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Chaos Unfolds as First Provisos Of New Welfare Law Take Effect

By Judith Havemann and William Claiborne
The Washington Post

The first provisions of the new federal welfare law took effect Monday, requiring states to begin denying food stamps to non-citizens in the initial phase of a process that will ultimately strip benefits from half a million immigrants.

Efforts to enforce the new law came amid delays, confusion and, in at least one state, administrative chaos, as caseworkers and others involved in the welfare bureaucracy struggled first to decipher and then to implement the required changes.

The food stamp provisions of the law, which have received far less attention than other sections of the welfare reforms, are key to the success of the entire measure. They are expected to provide half of the expected $54 billion in savings from the bill over the next six years. Cutbacks of other benefits to immigrants account for most of the rest.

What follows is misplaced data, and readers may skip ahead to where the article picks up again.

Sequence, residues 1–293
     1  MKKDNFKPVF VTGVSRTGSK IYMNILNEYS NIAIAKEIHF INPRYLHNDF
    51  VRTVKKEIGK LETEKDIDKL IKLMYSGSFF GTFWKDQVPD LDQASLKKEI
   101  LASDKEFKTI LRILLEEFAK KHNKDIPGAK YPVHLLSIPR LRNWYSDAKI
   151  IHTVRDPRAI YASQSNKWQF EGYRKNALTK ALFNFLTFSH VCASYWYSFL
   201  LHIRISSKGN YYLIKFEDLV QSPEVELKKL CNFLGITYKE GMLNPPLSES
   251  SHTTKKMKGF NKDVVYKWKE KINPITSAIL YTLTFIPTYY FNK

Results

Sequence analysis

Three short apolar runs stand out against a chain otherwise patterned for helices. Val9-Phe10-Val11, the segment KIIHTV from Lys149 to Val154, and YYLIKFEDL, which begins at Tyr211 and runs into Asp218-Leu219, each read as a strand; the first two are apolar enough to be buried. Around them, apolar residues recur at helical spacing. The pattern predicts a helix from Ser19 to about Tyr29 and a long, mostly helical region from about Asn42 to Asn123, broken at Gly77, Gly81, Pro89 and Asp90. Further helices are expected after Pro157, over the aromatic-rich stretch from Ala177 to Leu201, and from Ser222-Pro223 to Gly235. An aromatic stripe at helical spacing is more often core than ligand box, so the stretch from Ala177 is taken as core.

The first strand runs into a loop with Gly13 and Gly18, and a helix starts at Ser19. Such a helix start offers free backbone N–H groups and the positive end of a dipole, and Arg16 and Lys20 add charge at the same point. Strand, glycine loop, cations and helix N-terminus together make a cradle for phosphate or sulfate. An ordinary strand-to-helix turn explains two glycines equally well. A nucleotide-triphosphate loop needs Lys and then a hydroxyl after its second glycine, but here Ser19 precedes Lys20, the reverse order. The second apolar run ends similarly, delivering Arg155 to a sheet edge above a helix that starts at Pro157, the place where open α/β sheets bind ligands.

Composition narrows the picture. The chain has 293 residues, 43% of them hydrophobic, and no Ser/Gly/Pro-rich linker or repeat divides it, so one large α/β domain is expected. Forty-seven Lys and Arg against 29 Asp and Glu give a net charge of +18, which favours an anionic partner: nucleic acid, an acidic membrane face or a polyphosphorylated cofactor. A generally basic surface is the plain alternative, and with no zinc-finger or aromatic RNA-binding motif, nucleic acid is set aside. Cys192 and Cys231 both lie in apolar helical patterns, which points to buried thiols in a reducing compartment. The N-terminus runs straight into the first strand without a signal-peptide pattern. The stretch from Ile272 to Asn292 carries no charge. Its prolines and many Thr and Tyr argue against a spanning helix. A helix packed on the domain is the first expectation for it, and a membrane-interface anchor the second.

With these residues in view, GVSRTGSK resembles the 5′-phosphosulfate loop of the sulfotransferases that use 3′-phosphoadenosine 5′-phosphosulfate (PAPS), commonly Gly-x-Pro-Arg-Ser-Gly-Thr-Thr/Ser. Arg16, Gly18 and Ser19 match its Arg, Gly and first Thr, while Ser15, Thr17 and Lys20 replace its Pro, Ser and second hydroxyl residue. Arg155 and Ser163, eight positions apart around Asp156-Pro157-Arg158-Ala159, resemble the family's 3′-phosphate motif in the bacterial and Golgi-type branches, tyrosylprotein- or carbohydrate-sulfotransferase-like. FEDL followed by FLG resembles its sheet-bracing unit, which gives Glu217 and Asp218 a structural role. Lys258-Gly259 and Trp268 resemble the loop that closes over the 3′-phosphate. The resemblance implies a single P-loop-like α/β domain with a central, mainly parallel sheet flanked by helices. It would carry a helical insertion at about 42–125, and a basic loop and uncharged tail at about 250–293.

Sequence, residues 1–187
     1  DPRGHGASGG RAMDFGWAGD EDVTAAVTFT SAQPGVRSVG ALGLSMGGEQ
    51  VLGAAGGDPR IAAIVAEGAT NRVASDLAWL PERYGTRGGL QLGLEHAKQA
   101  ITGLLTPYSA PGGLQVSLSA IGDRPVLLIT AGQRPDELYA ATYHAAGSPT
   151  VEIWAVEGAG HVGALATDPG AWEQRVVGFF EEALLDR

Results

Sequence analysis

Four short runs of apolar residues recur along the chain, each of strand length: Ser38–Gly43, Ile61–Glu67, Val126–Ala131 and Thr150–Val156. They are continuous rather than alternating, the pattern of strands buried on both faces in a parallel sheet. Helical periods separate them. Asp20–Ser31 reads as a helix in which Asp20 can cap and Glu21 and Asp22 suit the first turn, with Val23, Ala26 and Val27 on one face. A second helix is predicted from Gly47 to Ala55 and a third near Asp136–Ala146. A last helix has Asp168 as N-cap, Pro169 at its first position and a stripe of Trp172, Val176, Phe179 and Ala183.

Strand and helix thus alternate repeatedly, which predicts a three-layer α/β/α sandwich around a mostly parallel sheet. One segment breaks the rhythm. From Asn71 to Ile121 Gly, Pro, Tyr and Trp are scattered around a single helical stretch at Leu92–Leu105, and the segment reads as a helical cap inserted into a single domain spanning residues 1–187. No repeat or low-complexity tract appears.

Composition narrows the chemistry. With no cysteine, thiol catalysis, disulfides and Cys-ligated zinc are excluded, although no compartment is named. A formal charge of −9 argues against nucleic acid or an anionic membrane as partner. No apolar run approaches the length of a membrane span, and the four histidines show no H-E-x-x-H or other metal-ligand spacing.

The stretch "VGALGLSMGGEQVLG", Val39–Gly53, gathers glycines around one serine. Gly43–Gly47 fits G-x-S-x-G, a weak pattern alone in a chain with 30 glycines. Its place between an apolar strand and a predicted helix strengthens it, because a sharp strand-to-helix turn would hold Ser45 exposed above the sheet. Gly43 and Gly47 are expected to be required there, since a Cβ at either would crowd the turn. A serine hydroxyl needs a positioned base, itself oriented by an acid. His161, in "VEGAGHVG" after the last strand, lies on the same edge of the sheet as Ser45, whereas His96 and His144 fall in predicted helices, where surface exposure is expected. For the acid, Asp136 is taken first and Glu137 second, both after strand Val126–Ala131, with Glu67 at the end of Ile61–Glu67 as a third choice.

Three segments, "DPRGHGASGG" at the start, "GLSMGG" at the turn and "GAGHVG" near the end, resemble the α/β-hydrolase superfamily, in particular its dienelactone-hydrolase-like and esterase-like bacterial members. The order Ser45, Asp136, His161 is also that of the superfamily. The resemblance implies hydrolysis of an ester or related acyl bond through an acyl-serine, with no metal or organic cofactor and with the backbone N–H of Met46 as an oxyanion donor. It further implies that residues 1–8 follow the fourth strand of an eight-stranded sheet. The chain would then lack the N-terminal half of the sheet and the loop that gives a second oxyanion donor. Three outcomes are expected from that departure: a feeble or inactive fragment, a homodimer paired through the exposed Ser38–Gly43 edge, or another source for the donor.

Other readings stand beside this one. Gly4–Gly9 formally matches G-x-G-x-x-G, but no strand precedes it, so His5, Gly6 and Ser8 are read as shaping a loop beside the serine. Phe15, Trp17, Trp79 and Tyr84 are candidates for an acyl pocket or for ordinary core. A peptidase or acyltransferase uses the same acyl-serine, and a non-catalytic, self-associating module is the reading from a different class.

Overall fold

States could lose millions of dollars if they fail to implement the provisions accurately and on time. The Agriculture Department imposes strict financial penalties on states that pass out food stamps to people who are actually ineligible, so accuracy is critical. But under the new law, figuring out who qualifies becomes much more complicated: Non-citizen legal immigrants can receive food stamps, for example, if they are new refugees, veterans or legal residents who have worked 10 years in the United States without receiving any federal means-tested benefits.

Sorting through these changes seemed to be proving the most difficult in California, which has 40 percent of the nation's immigrants. Officials in several California counties described their efforts to meet the new requirements as chaotic, proclaiming the level of confusion the worst mess in 25 years of social welfare reform.

California first announced last week that it would begin cutting off non-citizens, but by week's end had backed off in the face of a new federal directive suggesting their efforts may have been premature.

Early Monday, county officials began stacking new food stamp applications from non-citizens in separate piles, awaiting word from their superiors on how to handle them.

Susan Miller, assistant district manager of the Orange County, California, social services agency, said "We take the application except we don't approve any of the new applications until further training sessions. We don't have any idea of what the changes are."